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I was there too. Bipolar misdiagnosis and useless meds. :( All I needed was a gluten-free diet, omega-3 fatty acids, and decent multivitamin/mineral/trace element supplemens.

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Since the topic of bipolar and celiac has been brought up, I would like to add that I wads diagnosed and treated for bipolar two for 16 years. It was the wrong diagnosis. Once I discovered I was celiac and stopped eating gluten, the bipolar symptoms mostly disappeared. Now I am diagnosed with hypoglycemia and anemia. I am learning how to eat for the hypoglycemia and now all symptoms of bipolar two are gone. Once I got off gluten I no longer needed meds for bipolar two. I wonder how many poor souls with bipolar two diagnosis are really bipolar two. It's a hard road to always be relying on medication that barely helps and may even be hurting you and never really be addressing the true issues.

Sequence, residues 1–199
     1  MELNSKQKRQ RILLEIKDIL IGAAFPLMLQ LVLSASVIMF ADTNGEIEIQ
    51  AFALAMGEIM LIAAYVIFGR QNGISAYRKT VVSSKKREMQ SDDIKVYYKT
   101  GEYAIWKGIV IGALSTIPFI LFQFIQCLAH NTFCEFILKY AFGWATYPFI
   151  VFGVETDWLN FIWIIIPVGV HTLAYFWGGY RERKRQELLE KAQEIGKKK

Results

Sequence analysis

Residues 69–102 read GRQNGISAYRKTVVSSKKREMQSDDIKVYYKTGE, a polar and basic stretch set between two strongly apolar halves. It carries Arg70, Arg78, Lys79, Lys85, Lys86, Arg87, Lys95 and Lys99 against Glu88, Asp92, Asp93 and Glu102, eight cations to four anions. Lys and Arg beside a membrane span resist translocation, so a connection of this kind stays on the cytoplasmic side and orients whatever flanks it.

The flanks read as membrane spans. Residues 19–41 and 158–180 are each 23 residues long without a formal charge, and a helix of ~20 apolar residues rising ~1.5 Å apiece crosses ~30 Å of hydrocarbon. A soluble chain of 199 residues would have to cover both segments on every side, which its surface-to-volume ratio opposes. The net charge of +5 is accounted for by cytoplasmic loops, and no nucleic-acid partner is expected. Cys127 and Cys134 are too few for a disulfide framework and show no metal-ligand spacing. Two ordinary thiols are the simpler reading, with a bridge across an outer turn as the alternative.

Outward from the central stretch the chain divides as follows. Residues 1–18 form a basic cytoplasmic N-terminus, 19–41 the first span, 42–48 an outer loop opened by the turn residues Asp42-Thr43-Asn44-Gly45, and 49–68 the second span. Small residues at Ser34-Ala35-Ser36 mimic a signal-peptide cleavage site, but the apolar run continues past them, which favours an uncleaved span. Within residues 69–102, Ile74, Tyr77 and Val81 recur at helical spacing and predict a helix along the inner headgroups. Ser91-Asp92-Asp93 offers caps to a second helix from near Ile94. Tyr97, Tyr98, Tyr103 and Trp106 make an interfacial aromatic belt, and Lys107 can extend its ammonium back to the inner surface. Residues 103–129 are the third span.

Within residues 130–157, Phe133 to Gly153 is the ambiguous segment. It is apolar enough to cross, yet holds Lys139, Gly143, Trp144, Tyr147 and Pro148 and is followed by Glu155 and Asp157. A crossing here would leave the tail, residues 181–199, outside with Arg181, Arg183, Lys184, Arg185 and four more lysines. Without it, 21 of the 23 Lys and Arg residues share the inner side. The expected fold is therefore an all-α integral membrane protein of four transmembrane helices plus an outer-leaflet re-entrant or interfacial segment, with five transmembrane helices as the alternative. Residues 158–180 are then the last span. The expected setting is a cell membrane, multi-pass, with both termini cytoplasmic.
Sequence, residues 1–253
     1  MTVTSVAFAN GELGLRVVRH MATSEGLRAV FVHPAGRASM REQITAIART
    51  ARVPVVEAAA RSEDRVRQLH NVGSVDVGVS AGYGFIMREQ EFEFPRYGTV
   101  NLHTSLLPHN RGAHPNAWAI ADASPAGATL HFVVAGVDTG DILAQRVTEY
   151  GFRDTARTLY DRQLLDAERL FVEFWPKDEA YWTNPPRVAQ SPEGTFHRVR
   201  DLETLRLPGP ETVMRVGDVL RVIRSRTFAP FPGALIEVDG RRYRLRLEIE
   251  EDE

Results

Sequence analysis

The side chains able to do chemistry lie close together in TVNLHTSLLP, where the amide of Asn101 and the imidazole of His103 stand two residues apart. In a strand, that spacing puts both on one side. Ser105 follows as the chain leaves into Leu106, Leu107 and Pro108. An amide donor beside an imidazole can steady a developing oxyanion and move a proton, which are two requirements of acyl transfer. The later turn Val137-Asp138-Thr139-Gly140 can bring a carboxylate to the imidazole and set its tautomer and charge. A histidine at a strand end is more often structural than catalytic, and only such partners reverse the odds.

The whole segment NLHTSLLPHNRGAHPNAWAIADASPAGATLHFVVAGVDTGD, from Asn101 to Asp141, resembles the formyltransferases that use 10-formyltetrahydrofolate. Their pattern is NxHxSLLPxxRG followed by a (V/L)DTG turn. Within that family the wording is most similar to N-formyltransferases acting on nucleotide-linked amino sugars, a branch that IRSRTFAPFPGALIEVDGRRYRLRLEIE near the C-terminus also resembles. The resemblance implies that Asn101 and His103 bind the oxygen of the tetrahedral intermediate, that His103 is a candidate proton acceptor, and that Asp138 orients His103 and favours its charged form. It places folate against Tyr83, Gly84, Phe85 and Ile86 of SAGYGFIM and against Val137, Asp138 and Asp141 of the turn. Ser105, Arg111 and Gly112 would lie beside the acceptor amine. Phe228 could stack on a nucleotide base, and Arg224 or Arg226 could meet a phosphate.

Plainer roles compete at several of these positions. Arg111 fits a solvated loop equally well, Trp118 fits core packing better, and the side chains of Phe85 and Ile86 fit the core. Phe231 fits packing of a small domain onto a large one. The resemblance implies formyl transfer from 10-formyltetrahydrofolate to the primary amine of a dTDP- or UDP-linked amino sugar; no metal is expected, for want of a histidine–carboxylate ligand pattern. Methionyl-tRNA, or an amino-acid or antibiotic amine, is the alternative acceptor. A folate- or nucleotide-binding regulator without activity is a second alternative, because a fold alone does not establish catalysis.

That was my exact story a well. Misdiagnosed and treated with meds for bipolar that gave me awful side effects. Once I went gluten free I was completely leveled and I couldn't even explain the clarity I felt for the first time in my life. When I get accidentally glutened I feel that brain dog and moodiness come bag immediately and it makes me wonder how many Celiaca out there have been misdiagnosed and sent home never ro know that changing their diet would change their lives.

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You sound a lot like me. I came across the same info doing my research. I found 5-htp helps-its a purer form of tryptophan. I am just now getting back to a more normal emotional state after a month of gluten free.

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My story as well! I was on drugs for years but after being gluten-free for about a year I slowly started weaning off the drugs. It has been 8 months now of weaning and I am almost off of all the drugs and I feel good! How do you explain to someone that one day you wake up and the world just seems a little clearer, a little brighter, happier.